- California Suicide & Crisis Hotlines: Find phone numbers and links to all the suicide and crisis hotlines by county in California.
- 24/7 National Suicide Prevention Lifeline: (800) 273-8255; En Espanol (888) 628-9454 Linea Nacional de Prevención del Suicidio
- California Peer-Run Warm Line: Call 1-855-845-7415 for 24/7 non-emergency support.
- The Friendship Line is available 24/7 as a crisis helpline for older adults: 800-971-0016 or you can text HOME to 741741 if you are feeling depressed, sad, or going through any kind of emotional crisis. A crisis worker will text you back immediately if you prefer text over the phone. This is a free service.
- Crisis Stabilization Unit: (415) 473-6666
- Mobile Crisis Team: (415) 473-6392
This is not meant to be a complete list of stores and this information is subject to change. Please contact your local Marin retailer to verify if/when special shopping hours are available.
- Members aged 60+
- Monday - Friday
- 9:00am - 10:00 am
- Nugget Markets (Novato, Corte Madera and Tiburon)
- Tuesdays and Thursdays
- 7:00am - 8:00am
- Senior citizens and at-risk members of our community
- Tuesdays, Thursdays & Sundays
- 6:00am - 9:00am
- Reserved for vulnerable guests
- San Rafael: Tuesdays and Wednesdays from 8:00am - 9:00am
- Marin City: Tuesdays and Wednesdays from 7:00am - 8:00am
- Whole Foods
- 60+ or high-risk members of our community
- Wednesdays and Fridays
- 7:00am - 8:00am
When people become worried or anxious, they sometimes look for reasons they believe cause their worries. For COVID-19, some people in the U.S. may be concerned about people who are living in or visiting areas where outbreaks occurred. This fear and anxiety can lead to social stigma. For example, there have been reports of stigma towards Chinese or other Asian Americans or people who were in quarantine. Stigma is associated with a lack of knowledge about how COVID-19 spreads, a need to blame someone, fears about disease and death, and gossip that spreads rumors and myths.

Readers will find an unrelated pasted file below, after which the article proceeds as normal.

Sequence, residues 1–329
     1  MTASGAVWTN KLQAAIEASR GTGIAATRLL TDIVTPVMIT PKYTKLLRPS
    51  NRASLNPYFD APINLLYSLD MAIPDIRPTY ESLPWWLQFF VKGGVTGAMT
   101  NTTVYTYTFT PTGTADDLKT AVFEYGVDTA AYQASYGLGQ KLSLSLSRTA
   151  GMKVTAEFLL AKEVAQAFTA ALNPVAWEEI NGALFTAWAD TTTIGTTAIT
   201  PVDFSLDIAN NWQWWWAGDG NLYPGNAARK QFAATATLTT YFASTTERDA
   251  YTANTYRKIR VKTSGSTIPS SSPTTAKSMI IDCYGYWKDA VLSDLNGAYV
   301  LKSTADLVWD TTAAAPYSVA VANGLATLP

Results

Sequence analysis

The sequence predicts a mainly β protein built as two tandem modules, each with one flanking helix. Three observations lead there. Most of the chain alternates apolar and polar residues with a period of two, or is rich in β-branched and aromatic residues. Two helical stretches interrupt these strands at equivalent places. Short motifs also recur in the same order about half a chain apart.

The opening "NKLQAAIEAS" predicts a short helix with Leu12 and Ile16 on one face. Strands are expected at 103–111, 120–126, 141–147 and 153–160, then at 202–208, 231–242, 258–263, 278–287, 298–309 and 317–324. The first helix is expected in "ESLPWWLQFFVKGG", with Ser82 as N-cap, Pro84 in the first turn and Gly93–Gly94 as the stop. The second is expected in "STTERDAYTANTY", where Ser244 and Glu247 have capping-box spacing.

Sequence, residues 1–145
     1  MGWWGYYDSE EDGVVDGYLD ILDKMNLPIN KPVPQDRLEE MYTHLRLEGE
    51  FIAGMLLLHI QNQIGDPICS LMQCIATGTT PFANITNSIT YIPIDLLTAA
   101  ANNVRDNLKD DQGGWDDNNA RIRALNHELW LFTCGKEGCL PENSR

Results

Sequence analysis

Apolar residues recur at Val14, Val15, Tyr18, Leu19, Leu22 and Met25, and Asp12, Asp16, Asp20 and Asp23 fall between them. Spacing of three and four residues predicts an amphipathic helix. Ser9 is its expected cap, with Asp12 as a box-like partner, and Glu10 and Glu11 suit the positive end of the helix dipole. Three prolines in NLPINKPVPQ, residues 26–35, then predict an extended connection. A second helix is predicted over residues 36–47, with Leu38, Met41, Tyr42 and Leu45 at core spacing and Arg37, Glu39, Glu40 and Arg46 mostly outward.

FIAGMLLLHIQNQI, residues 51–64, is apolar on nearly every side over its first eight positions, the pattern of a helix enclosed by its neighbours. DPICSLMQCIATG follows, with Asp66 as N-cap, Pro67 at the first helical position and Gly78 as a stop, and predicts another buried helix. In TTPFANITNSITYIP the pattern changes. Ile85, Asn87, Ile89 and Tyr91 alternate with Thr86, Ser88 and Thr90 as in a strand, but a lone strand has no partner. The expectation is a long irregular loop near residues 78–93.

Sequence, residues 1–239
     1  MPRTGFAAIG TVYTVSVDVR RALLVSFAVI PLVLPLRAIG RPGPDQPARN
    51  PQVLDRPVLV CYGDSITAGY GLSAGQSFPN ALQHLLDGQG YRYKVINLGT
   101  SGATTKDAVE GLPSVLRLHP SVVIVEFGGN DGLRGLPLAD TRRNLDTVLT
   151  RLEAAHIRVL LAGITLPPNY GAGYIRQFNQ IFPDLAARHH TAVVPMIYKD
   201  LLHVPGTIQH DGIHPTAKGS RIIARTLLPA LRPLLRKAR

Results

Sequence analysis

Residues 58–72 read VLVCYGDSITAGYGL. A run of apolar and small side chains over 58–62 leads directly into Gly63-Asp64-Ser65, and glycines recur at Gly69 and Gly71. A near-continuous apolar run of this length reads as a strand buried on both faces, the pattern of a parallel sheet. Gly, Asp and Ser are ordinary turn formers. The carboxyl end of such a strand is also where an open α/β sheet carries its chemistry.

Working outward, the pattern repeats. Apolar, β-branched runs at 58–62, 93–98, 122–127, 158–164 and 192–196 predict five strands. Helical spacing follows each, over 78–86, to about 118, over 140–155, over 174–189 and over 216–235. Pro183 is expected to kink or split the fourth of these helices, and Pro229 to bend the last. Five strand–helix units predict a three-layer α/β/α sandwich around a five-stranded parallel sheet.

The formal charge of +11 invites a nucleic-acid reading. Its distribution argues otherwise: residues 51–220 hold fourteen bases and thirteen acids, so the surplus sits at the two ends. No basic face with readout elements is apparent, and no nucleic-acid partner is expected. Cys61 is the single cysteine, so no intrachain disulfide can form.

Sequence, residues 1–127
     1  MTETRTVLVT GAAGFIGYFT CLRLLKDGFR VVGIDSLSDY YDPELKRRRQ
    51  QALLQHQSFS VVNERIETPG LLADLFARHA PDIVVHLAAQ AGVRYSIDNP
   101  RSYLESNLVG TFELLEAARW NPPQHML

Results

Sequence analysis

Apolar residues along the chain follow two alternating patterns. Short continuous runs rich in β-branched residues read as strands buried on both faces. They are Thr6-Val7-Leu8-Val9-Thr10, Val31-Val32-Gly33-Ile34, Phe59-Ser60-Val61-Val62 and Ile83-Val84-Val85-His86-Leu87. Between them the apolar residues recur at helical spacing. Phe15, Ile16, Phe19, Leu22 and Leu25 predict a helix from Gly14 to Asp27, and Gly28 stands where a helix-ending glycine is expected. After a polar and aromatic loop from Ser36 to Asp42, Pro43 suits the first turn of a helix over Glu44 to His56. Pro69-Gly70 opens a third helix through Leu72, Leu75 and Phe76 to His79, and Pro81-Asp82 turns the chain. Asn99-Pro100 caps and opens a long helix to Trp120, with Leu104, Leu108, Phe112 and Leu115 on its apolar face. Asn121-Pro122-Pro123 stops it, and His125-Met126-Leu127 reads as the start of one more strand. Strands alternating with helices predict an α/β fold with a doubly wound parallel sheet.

Stigma hurts everyone by creating more fear or anger towards ordinary people instead of the disease that is causing the problem. In order to combat stigma, learn the facts about COVID-19 and what you can do to protect yourself and your loved ones.
Source: adapted from CDC.gov
People can fight stigma and help, not hurt, others by providing social support. Counter stigma by learning and sharing facts. Communicating the facts that viruses do not target specific racial or ethnic groups and how COVID-19 actually spreads can help stop stigma.
Please visit the CDC website for more information on how to stop stigma related to COVID-19.
Check in with your loved ones often. Virtual communication can help you and your loved ones feel less lonely and isolated. Consider connecting with loved ones by:
- Mailing letters or cards
- Text messages
- Video chat
- Social media
Visit the CDC for more information on what you can do.
Yes, blood banks, blood donation centers, and blood drives are exempt healthcare operations. If you are healthy and do not have COVID-19 symptoms, you are encouraged to donate. The need for adequate blood donations from healthy people is critical.
All volunteer needs will be posted to the Center for Volunteer & Nonprofit Leadership website and updated as needs arise. We strongly encourage you to volunteer with existing organizations and activities and follow their guidelines as well as those from the County Health Department.
If you are a licensed healthcare professional, you may become part of the Marin Medical Reserve Corps or the Marin County “Surge” Unit. More information is available on the Marin Medical Reserve Corps' website.